Global fame turns into a rollercoaster ride for boy band BTS

South Korean group hits the wrong note in China despite cashing in on Big Hit Entertainment’s IPO

Boy band BTS might be a global sensation, but they can still hit the wrong note.

In a week when shares in the group’s management agency almost doubled, controversy was just a semiquaver away.

Kim Nam-joon, known as RM to his legion of fans, created a social media maelstrom in China after receiving an award to honor relations between South Korea and the United States.

His remarks that both nations shared a “history of pain” during the Korean War triggered an online backlash among the band’s five million Chinese fans on the Twitter-like Weibo.

Twenty-four hours later, the initial public offering of Big Hit Entertainment increased the personal wealth of the band with the company now valued at close to US$8 billion or nearly nine trillion won. 

So, what was the row about?

It involved the touchy subject of the Korean War. 

The conflict between 1950 to 1953 pitched the South and a United Nations force led by the US against the communist-run North and Mao Zedong’s China.

Offending passage

Up to 200,000 South Korean soldiers and 36,000 American soldiers died during the war, as well as millions of civilians. At least 180,000 soldiers from China also lost their lives, according to Chinese state-run media.

What did RM have to say after receiving the band’s award?

Well, here is the offending passage: “We will always remember the history of pain that our two nations shared together and the sacrifices of countless men and women.”

At first glance, his remarks hardly appeared explosive. But that did not stop the Chinese state-owned Global Times from lighting the blue touchpaper.

How would you describe the reaction?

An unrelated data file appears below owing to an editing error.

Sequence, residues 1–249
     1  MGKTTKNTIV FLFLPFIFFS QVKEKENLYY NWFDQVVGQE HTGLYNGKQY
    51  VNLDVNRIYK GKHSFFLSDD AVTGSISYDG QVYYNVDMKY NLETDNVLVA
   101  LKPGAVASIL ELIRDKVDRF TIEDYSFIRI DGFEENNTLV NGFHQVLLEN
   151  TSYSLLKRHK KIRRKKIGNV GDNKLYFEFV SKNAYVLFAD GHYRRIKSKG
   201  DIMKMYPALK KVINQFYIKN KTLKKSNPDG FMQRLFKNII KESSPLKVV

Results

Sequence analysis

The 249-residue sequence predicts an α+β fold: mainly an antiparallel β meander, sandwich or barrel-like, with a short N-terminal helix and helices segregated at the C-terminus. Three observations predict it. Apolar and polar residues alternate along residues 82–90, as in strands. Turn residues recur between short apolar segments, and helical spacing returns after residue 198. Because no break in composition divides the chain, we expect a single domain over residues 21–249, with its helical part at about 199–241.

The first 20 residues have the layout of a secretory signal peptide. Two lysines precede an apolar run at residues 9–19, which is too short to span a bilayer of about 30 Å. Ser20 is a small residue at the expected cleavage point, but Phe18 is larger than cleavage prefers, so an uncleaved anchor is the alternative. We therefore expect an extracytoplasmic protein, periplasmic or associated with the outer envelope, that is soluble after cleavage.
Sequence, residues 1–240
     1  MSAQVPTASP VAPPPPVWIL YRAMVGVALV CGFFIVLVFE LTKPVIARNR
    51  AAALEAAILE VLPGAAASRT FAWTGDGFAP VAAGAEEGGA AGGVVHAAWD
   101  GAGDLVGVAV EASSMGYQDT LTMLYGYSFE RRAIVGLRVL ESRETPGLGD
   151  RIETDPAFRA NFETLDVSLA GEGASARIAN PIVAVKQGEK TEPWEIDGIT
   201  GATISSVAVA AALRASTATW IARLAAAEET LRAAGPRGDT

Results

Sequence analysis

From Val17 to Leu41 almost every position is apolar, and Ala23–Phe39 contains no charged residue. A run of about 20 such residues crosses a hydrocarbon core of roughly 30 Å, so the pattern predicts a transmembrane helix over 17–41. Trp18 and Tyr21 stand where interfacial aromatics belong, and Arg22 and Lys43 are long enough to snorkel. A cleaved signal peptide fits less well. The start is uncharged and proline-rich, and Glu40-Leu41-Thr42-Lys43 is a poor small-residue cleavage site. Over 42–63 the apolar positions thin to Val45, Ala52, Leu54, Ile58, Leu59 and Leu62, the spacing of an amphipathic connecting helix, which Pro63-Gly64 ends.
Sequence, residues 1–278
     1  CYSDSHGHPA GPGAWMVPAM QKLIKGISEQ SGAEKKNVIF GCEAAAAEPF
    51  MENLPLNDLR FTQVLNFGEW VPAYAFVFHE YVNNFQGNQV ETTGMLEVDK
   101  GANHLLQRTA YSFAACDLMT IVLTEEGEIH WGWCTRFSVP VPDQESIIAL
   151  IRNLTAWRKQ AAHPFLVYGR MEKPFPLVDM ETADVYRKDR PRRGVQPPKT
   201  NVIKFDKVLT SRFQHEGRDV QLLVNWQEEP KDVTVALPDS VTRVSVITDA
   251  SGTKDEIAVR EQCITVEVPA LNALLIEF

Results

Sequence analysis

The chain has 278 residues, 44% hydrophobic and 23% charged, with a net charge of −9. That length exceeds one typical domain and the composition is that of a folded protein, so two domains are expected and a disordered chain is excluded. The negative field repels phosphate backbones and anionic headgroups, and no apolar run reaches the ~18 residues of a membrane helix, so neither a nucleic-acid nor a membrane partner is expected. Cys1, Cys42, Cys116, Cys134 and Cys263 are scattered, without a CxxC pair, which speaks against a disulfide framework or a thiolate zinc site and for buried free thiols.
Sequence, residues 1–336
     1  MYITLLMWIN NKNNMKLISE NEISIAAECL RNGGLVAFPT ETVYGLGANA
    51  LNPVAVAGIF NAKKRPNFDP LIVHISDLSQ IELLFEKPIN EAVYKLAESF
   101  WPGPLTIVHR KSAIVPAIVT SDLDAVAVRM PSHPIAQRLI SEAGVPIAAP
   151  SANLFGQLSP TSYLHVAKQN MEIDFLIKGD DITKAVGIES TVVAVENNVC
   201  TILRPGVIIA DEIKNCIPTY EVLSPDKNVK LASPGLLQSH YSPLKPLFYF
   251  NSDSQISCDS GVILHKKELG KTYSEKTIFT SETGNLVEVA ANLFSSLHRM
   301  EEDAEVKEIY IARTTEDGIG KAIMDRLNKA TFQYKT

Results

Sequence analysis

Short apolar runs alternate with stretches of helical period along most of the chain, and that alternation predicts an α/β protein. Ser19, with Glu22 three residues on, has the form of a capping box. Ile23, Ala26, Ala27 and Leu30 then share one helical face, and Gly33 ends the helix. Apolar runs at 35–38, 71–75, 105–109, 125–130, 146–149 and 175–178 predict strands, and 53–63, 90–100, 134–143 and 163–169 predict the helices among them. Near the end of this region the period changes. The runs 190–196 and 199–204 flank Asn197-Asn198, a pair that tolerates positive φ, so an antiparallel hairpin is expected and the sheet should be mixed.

In one word, incendiary.

“China’s netizens said the band’s totally one-sided attitude to the Korean War hurts their feelings and negates history,” the newspaper said. 

To put that into context, the tabloid is run by the People’s Daily, the official mouthpiece of the ruling Chinese Communist Party.

Still, it set the tone for Weibo followers. “They [BTS] should not make any money from China. If you want to make money from Chinese fans you have to consider Chinese feelings,” one person said as reported by the Reuters news agency.

Will this affect album sales for BTS?

Probably not. By April of this year, the group had sold more than 20 million physical albums in less than seven years. Moreover, they are now the country’s best-selling act of all time.

Global audience 

Of course, BTS also has an amazing global audience. In August, they made pop history after becoming the first Korean band to have a number-one single on the US Billboard Hot 100 with their English-language single Dynamite.

They later went to the top of Spotify’s Global 50 after jumping to number one on the iTunes chart in more than 100 nations. The official Dynamite Music Video racked up more than 500 million views nearly 102 million in just 24 hours.

Pure gold. Is that why Big Hit Entertainment went public with an IPO?

It has to be one of the main reasons.  

On the opening bell, Big Hit shares initially jumped to 270,000 Korean won ($235) before slipping back to close at 258,000 won. Even so, that was 90% higher than the initial IPO price.

Bang Si-hyuk, the entertainment company’s chief executive, instantly became a billionaire. As for BTS, the seven band members cashed in after receiving 490,000 shares, earning them $13 million each.

“Although offline concerts are impossible for the time being, Big Hit’s results in the first half of this year show that the content and merchandise made profits; it was hardly affected year-on-year,” Nam Hyo-ji, an analyst at KTB Investment & Securities in Seoul, said.

For BTS, whose acronym stands for “Beyond the Scene,” read AMM, “A Money Machine.”